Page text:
EITC Fast Facts

Use one or more of the following EITC facts during the 2017 filing season in your articles, flyers, speeches or presentations to better target the EITC Key Communication Messages to your audience.


Find downloadable versions below 


  • Last year, more than 27 million eligible workers and families received more than $67 billion in EITC; with an average EITC amount of about $2,455.


  • EITC is for workers whose income does not exceed the following limits in 2016:
    • $47,955 ($53,505 married filing jointly) with three or more qualifying children
    • $44,648 ($50,198 married filing jointly) with two qualifying children
    • $39,296 ($44,846 married filing jointly) with one qualifying child
    • $14,880 ($20,430 married filing jointly) with no qualifying children

** Investment income must be $3,400 or less


  • Children must meet certain relationship, age, residency and joint return requirements to be a qualifying child. See if your child qualifies you for EITC; see "Qualifying Child Rules" on irs.gov or Publication 596.


  • Take the credit you’re due. The EITC credit  ranges from:
    • $11 to $6,269 with three or more qualifying children
    • $10 to $5,572 with two qualifying children
    • $9 to $3,373 with one qualifying child
    • $2 to $506 with no qualifying children


  • About one-third of the EITC eligible population turns over each year, so check your EITC eligibility today at IRS.gov EITC.


  • The EITC can be a boost to you, your family and community. Anyone with earnings of $54,000 or less should see if they qualify at IRS.gov EITC or visit a volunteer tax assistance site.


  • Four of five eligible workers claim and get their EITC. We want to raise that number to five out of five. You earned it, "now file, claim it and get it." See if you qualify at IRS.gov EITC.


  • The EITC and CTC greatly reduce poverty for working families.  These working-family tax credits lifted 9.4 million people out of poverty in 2013, including 5 million children, and made 22 million other people less poor.1


  • Millions of workers qualify for EITC for the first time this year, making awareness critical. Workers move into and out of eligibility based on changes in their marital, parental and financial status. It is important they are made aware of this and other credits available if they qualify.


  • If you qualify for EITC, see what other child-related tax credits you may be eligible to claim.


  • The amount of the EITC depends on the amount you earned from working for someone or for yourself, whether you are married or single, and the number of qualifying children you have, if any. Don’t miss out, find out if you are eligible at IRS.gov EITC.


  • If you qualify for EITC, you must file a federal income tax return and claim the credit to get it, even if you owe no tax or aren’t required to file a return.


  • Workers at risk for overlooking this important credit include those:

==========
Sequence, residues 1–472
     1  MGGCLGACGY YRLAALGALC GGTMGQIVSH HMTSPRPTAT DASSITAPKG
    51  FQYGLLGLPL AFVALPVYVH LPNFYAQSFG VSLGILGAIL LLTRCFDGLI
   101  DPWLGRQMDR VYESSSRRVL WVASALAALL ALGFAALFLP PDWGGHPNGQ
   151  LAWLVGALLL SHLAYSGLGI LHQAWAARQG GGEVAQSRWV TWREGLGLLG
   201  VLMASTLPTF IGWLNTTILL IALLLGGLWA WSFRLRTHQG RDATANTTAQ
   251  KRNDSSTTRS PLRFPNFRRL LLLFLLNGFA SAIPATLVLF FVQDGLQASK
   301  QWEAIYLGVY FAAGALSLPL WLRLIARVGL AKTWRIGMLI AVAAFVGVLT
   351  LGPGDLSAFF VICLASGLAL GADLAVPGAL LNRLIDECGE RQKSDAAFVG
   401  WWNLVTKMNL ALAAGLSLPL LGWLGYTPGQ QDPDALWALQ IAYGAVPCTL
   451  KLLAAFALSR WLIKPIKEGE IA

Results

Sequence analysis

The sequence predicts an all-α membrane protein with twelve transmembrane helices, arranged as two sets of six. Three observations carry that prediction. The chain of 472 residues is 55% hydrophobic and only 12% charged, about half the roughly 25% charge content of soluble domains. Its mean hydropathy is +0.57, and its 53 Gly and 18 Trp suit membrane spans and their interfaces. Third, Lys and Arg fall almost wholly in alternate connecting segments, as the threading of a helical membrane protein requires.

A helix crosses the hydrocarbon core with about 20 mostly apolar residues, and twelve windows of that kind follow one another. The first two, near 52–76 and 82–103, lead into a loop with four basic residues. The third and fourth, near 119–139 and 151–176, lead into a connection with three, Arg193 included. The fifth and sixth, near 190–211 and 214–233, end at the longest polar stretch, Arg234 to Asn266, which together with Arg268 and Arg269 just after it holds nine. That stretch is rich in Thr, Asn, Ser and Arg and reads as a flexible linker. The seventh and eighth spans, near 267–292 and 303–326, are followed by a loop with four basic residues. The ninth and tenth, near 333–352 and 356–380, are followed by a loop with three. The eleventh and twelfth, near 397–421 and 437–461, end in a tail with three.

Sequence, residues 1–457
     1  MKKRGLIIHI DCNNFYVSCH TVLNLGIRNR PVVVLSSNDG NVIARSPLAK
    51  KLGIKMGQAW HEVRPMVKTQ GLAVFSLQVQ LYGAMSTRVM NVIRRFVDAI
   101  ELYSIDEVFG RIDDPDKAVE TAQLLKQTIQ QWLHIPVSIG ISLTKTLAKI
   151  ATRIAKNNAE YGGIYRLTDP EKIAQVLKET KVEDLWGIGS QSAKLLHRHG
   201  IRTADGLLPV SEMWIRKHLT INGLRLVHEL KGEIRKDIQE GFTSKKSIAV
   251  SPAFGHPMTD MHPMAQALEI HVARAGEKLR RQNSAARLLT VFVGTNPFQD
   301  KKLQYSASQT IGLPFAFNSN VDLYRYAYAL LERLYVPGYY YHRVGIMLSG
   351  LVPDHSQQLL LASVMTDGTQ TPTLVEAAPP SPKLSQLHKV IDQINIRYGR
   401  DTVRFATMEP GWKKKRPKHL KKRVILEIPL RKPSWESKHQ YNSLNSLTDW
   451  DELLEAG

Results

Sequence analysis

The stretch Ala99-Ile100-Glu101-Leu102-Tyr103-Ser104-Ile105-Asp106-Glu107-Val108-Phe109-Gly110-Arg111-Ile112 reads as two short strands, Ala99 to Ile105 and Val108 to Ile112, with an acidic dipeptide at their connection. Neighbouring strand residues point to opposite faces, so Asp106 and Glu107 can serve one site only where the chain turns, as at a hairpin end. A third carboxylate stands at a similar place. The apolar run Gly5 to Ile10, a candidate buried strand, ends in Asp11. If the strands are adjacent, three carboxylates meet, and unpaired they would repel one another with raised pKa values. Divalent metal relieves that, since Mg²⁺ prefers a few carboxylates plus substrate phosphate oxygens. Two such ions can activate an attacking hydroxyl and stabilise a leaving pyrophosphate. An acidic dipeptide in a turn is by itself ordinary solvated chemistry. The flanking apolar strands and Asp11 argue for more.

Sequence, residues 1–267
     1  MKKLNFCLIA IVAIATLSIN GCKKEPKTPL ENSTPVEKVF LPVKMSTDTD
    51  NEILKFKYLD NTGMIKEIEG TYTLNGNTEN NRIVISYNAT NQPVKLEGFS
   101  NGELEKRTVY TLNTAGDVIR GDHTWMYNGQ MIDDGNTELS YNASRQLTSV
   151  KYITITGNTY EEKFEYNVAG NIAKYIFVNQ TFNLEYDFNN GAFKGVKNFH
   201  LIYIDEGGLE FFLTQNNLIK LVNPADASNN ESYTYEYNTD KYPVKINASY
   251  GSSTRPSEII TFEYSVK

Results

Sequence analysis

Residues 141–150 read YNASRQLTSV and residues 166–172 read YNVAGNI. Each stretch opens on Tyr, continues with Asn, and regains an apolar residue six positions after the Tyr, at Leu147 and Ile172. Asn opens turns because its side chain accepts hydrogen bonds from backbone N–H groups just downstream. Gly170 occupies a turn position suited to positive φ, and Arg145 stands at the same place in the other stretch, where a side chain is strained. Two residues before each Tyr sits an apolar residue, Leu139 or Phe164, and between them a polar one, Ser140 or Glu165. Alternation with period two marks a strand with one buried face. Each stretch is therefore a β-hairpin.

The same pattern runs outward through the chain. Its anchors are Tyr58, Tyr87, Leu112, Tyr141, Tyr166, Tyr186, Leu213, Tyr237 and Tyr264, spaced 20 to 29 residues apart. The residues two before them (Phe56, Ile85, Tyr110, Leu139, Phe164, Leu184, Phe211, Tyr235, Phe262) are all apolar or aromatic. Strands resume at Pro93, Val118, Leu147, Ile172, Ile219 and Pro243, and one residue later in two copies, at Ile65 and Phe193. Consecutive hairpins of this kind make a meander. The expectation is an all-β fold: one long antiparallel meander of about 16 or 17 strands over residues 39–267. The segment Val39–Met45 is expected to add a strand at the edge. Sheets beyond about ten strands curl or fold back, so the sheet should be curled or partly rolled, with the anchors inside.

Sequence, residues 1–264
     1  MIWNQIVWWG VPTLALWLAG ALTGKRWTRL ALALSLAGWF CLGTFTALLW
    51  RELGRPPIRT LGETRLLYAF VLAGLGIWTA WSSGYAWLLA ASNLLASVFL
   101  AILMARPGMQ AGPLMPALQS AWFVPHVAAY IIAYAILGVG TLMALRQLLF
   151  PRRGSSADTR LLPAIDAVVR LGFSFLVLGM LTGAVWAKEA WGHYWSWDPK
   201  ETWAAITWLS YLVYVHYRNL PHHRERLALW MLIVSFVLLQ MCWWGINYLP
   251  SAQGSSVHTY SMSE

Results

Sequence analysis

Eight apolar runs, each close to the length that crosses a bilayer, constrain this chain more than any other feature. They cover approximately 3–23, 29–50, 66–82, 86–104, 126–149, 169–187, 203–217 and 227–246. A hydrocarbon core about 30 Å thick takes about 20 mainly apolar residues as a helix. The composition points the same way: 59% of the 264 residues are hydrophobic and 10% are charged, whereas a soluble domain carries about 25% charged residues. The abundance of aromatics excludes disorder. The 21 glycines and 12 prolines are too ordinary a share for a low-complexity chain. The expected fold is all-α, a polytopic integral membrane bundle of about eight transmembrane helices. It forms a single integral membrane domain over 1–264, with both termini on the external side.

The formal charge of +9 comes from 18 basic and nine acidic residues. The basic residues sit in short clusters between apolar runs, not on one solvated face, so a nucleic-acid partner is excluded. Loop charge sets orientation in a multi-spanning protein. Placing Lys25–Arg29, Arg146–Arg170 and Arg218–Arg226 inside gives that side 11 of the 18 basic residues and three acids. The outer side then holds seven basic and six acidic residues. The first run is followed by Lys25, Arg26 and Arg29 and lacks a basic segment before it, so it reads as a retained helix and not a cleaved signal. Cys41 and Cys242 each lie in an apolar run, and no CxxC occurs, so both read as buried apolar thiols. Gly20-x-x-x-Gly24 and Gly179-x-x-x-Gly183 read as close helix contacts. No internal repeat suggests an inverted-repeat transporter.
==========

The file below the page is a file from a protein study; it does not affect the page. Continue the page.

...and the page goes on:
• Living in non-traditional homes, such as a grandparent raising a grandchild
    • Whose earnings declined or whose marital or parental status changed
    • Without children
    • With limited English skills
    • Living in rural areas
    • Who are Native Americans
    • With earnings below the filing requirement
    • Who have disabilities or are raising children with disabilities


  • If you qualify for the Federal EITC, you may also be eligible for a similar credit from your state or local government. Twenty-five states, plus local municipalities including the District of Columbia and New York City, offer residents an earned income tax credit for 2016.


  • Here are free ways to determine your eligibility for, file and claim your EITC for free:
    • You can use the online EITC Assistant at www.irs.gov to help you determine if your are eligible. The 2016 tax year versions in both English and Spanish will be available in January, 2017.
    • If you make $54,000  a year or less, you can access free tax return preparation services available at more than 13,000 community volunteer tax assistance sites.
    • You can use brand name software products through IRS’s Free File and electronically file your return to claim your EITC. Visit  www.IRS.gov to access the software.


  • You should choose a tax preparer carefully. You are responsible for the accuracy of your own return. If you pay someone to prepare your tax return, the preparer must sign it and enter his or her PTIN, Preparer Tax Identification Number. Don’t ever sign a blank tax return. Find out what you should know if you pay someone to do your taxes.


  • You should also avoid common errors that could delay your refund or deny your EITC claim. Reckless or intentional disregard of the rules could ban you from claiming the EITC for up to 10 years.


1Source:  Chuck Marr, Chye-Ching Huang, Arloc Sherman, and Brandon DeBot, CBPP - EITC and Child Tax Credit Promote Work, Reduce Poverty, and Support Children’s Development, Research Finds, October 1, 2015


EITC Fast Facts Downloadable Versions 

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Additional Reference Material

  • EITC Key Messages - Using the same key messages makes our collaborative efforts more powerful.
  • Tips for Writing a Feature Story - you can use one of our "Grab and Go" products listed below, but if you choose to create your own see these handy tips.
  • EITC Statistics by State - find the number of EITC Claims, the total EITC amount paid  and the average amount paid per claim for tax returns filed during 2015 for the 2014 Tax Year.


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